Most of the changes in SEC phenotype occur in crosstalk with neighboring cells, of which HSC are the most important [21]. HSC are pericyte-like cells in the space of Dissé (located between SEC and hepatocytes), and they are usually maintained in their quiescent state as fat-storing cells [26]. However, as described for SEC, HSC can undergo dramatic phenotype transformation in the context of liver injury: a decrease in NO production by SEC, which normally induces HSC quiescence, leads to HSC activation characterized by enhanced contractility, increased migratory capacity, deposition of extracellular matrix components such as fibronectin and collagen I or III, upregulation of smooth muscle alpha actin (α-SMA), and increased release of autocrine and paracrine factors. Besides this canonical NO pathway for quiescence and activation of HSC, [18, 19] several other soluble factors from surrounding cells (such as hepatocytes, Kupffer-cells, and lymphocytes) play an important role in HSC activation [26]. Interestingly, studies of different extracellular matrices have revealed that matrix stiffness itself is a key determinant of HSC activation, although involved proteins and receptors have not been identified so far [27]. Activated HSC show decreased vitamin A, increased stress (actin) bundles, prominent rough endoplasmic reticulum, and both increased PDGF receptors and α-SMA [1, 28]. The latter seems to be a key step in HSC activation—a rather complex process—which dynamically regulates behavior and function of HSC [1]. Expression of α-SMA directly correlates with activation of myofibroblasts [29]. Among paracrine and autocrine factors released by activated HSC, TGF-β is the most pro-fibrogenic by stimulating production of fibrillar and non-fibrillar matrix components [20, 26, 30]. Interestingly, in a physiological state, TGF-β has a dual role and maintains homeostasis by promoting and inhibiting downstream fibrogenic pathways via SMAD phosphorylation [31]. However, in liver injury, the TGF-β co-receptor neuropilin 1 promotes the myofibroblast phenotype by inducing distinctive downstream SMAD activation [31]. Another canonical pathway in HSC activation, which promotes motility, migration and recruitment, is PDGF ligand binding to its receptors [32, 33, 34, 35]. Again, neuropilin 1 has been shown to be an important downstream regulator of PDGF signaling in activated HSC [32]. In summary, activated HSC with their myofibroblast phenotype are the most pro-fibrogenic cells in the liver [20].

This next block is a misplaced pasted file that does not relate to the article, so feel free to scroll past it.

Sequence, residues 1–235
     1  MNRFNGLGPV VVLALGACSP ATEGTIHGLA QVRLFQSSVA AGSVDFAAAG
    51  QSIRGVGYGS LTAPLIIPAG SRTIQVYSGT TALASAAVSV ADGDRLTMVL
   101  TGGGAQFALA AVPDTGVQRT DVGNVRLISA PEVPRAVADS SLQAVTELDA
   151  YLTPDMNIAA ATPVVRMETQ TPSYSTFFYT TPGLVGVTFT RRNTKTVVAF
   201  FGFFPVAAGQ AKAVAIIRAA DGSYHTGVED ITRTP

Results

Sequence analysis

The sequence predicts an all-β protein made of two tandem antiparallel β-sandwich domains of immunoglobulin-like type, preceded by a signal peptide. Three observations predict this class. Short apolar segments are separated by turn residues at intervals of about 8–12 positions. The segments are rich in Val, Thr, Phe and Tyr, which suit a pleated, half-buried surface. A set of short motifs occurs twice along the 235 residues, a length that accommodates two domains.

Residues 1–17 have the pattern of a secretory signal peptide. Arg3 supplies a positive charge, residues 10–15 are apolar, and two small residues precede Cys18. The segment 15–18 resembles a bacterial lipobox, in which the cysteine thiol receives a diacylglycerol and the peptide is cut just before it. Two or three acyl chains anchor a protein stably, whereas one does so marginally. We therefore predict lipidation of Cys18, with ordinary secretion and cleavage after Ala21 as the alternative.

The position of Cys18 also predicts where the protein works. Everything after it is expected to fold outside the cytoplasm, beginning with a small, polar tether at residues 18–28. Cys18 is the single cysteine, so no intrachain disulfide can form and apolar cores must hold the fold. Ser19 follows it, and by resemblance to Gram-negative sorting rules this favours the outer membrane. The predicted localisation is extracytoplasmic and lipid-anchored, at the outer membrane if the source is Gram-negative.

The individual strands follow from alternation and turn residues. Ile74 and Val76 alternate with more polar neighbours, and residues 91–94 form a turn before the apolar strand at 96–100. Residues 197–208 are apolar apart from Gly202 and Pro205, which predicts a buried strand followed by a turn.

Paracrine function and crosstalk between sinusoidal endothelial cells and hepatic stellate cells

Besides the canonical pathway of constitutive expression of NO in SEC and its role in the quiescence of HSC [1, 19], numerous paracrine and autocrine factors and SEC/HSC crosstalk mechanisms have been identified and discussed in other reviews [1, 9, 20, 21]. Therefore, the following examples of intercellular communication are used illustratively and do not claim to provide a complete overview.